11. By: Cevat Giray Aksoy; Antonio Cabrales; Mathias Dolls; Ruben Durante; Lisa Windsteiger
    Abstract: We conduct a large-scale survey experiment in nine European countries to study how priming a major crisis (COVID-19), common economic interests, and a shared identity influences altruism, reciprocity and trust of EU citizens. We find that priming the COVID-19 pandemic increases altruism and reciprocity towards compatriots, citizens of other EU countries, and non-EU citizens. Priming common European values also boosts altruism and reciprocity but only towards compatriots and fellow Europeans. Priming common economic interests has no tangible impact on behaviour. Trust in others is not affected by any treatment. Our results are consistent with the parochial altruism hypothesis, which asserts that because altruism arises out of inter-group conflict, humans show a tendency to favor members of their own groups.
    Keywords: Covid-19, Europe, altruism, reciprocity, survey experiment
    JEL: D72 H51 H53 H55 O52 P52
    Date: 2021
  12. By: Fabrizio Guzzo (European Commission - JRC); Carlo Gianelle (European Commission - JRC)
    Abstract: This reports provides some insights on the impact of Smart Specialisation on the governance of research and innovation policy systems across EU regions and countries. First, the analysis explores the governance arrangements underpinning Smart Specialisation strategies and the changes introduced by this policy concept. Second, it investigates to what extent (if any) and how Smart Specialisation has been promoting better coordination and collective action. The results show that Smart Specialisation has made the decision-making process and the governance of innovation policy more inclusive. One of the results of this policy experience is the reorganisation and/or establishment of coordination bodies, platforms, thematic working groups, clusters and the like. These organisations are reshaping and strengthening networks of engagement and modalities of cooperation between public and private actors, lowering transaction costs associated with collective action. There is evidence that Smart Specialisation has supported the production of a wide range of tangible and intangible collective goods, which are considered essential in promoting development processes. Finally, under the Smart Specialisation experience, inter-government coordination has received more attention that in the past and, as a result, new norms and arrangements have been experimented. However, despite these changes, and the general increase in pressure for coordination, the effectiveness of horizontal and vertical coordination is still weak. This depends on coordinating bodies and arrangements that are not properly functioning and the persistence of a silo approach in government, which is difficult to overcome. Clearly, this is an area where more efforts are needed in the future, along with the strengthening of the skills and resources to perform policy functions. In view of the new Cohesion Policy 2021-2027, the report provides two main recommendations. First, the Smart Specialisation approach should recognise more explicitly the need for upgrading the quality of governance and policy capacity. Where these elements are weak and/or incomplete they should be addressed with specific measures embedded into strategies and progress should be continuously monitored. Second, territories should discover what governance arrangements work best in their context, preferring the experimentation of new governance structures and processes and the increase of responsibilities and functions of management bodies and other relevant organisations as a result of capacity building processes, to the adoption of ideal models and best practices, which are often formally introduced without promoting real changes.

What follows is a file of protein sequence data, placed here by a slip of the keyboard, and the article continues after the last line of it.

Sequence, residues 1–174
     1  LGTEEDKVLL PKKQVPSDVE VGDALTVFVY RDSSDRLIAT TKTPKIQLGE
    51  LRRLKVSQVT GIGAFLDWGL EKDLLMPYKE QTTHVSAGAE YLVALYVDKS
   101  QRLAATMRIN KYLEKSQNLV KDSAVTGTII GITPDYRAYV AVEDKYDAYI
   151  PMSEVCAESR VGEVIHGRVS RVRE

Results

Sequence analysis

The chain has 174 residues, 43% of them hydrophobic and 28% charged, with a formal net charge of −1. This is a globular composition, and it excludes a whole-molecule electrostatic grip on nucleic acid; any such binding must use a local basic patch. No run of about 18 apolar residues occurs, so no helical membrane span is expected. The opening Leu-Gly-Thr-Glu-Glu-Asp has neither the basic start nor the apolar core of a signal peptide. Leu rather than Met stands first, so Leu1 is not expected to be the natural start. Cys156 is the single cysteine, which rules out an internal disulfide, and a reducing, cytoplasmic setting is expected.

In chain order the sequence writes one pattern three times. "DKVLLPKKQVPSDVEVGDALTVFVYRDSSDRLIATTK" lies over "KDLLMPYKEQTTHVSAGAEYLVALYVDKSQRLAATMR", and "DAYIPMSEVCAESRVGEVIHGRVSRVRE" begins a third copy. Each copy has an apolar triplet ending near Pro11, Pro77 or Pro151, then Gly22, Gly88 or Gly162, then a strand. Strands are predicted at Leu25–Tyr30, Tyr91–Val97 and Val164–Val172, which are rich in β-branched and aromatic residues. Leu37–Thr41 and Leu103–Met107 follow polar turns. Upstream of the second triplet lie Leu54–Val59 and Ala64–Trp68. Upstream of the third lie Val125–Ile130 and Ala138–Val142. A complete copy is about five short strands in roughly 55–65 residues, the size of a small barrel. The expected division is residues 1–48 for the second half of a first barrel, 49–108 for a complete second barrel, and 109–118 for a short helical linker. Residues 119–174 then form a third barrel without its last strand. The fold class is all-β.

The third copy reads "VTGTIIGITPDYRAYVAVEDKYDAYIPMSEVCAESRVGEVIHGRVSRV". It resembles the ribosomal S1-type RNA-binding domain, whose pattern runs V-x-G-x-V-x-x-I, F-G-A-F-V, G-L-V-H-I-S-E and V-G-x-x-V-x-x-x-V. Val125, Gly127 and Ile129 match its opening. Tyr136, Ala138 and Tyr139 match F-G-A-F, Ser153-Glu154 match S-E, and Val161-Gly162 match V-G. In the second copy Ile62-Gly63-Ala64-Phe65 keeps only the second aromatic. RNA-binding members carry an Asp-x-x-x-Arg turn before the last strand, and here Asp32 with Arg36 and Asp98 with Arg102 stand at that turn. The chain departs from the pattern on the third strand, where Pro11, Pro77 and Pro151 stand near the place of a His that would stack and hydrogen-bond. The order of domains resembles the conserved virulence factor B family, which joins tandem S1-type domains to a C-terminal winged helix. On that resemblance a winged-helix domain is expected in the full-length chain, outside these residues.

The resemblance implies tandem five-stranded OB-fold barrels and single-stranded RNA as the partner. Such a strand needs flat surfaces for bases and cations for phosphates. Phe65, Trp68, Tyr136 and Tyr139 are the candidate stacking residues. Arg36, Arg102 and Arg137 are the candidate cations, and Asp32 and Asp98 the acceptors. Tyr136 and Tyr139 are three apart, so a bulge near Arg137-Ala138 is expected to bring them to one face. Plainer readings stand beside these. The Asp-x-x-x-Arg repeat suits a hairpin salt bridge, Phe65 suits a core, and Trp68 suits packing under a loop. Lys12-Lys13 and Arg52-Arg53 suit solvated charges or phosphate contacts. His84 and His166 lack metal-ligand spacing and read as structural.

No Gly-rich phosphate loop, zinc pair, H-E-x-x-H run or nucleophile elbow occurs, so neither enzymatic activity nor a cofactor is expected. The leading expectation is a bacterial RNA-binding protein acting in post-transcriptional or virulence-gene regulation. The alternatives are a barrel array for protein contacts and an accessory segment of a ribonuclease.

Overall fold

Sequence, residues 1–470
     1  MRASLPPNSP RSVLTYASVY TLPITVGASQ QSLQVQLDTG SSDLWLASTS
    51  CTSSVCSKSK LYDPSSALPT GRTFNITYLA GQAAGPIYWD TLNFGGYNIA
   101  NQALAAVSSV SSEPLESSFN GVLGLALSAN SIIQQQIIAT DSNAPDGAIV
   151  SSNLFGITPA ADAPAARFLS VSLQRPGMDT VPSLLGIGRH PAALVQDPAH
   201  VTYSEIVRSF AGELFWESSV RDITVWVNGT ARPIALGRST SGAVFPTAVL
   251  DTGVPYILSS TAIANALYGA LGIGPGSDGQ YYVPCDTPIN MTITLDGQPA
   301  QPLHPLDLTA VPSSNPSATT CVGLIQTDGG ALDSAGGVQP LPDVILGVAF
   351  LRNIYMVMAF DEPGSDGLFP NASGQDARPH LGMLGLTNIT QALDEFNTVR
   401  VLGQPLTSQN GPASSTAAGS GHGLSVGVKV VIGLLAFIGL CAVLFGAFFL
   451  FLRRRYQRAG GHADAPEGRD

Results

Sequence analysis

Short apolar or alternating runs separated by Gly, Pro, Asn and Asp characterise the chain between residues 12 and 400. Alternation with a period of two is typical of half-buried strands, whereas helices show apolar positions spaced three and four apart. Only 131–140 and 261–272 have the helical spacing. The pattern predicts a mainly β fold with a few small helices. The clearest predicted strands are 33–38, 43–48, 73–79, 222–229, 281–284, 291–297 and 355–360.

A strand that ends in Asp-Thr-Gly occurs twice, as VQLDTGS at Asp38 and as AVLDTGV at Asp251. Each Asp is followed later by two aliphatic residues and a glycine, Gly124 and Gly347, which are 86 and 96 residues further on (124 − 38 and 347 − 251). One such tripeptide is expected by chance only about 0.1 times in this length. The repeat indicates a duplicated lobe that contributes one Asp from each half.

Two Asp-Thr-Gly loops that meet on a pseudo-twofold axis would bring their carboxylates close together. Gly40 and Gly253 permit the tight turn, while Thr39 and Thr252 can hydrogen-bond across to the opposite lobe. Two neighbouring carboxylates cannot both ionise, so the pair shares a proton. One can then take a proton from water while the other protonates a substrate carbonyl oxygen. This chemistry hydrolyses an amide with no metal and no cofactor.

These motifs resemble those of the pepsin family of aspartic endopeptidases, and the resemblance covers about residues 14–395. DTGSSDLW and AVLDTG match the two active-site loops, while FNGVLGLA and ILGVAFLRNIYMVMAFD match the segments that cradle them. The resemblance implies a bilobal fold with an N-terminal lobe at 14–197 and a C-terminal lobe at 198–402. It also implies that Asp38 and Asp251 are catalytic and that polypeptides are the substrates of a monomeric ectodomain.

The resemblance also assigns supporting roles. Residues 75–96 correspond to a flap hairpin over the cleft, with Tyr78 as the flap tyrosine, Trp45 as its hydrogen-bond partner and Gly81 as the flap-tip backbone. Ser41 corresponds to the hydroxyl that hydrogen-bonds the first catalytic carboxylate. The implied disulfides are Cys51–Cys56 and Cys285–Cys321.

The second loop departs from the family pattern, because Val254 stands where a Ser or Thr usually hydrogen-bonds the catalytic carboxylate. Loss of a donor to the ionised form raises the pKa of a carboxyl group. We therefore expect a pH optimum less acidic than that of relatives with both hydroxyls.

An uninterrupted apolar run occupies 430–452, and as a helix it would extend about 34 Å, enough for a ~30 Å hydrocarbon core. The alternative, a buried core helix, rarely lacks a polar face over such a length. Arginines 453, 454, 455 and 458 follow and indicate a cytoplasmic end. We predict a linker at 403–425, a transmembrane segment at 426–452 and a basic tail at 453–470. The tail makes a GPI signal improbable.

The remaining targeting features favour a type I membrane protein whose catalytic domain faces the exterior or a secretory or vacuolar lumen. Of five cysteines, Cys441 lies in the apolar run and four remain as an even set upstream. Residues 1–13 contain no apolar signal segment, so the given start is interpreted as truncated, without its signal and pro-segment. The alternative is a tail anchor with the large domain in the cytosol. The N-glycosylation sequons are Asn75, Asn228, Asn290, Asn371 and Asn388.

Keywords: regional innovation policy, smart specialisation, governance, EU Cohesion policy
    JEL: O25 O30 R58
    Date: 2021–05